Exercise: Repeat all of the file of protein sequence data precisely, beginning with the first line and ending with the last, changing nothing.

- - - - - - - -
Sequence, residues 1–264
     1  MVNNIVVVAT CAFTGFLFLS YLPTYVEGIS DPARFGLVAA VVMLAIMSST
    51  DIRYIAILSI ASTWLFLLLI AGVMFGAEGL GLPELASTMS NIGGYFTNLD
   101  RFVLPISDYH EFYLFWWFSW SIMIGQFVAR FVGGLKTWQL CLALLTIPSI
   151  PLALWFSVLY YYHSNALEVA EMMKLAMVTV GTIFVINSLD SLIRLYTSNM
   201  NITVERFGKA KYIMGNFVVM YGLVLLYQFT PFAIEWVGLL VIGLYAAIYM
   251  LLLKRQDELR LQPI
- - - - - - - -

Sequence, residues 1–264
     1  MVNNIVVVAT CAFTGFLFLS YLPTYVEGIS DPARFGLVAA VVMLAIMSST
    51  DIRYIAILSI ASTWLFLLLI AGVMFGAEGL GLPELASTMS NIGGYFTNLD
   101  RFVLPISDYH EFYLFWWFSW SIMIGQFVAR FVGGLKTWQL CLALLTIPSI
   151  PLALWFSVLY YYHSNALEVA EMMKLAMVTV GTIFVINSLD SLIRLYTSNM
   201  NITVERFGKA KYIMGNFVVM YGLVLLYQFT PFAIEWVGLL VIGLYAAIYM
   251  LLLKRQDELR LQPI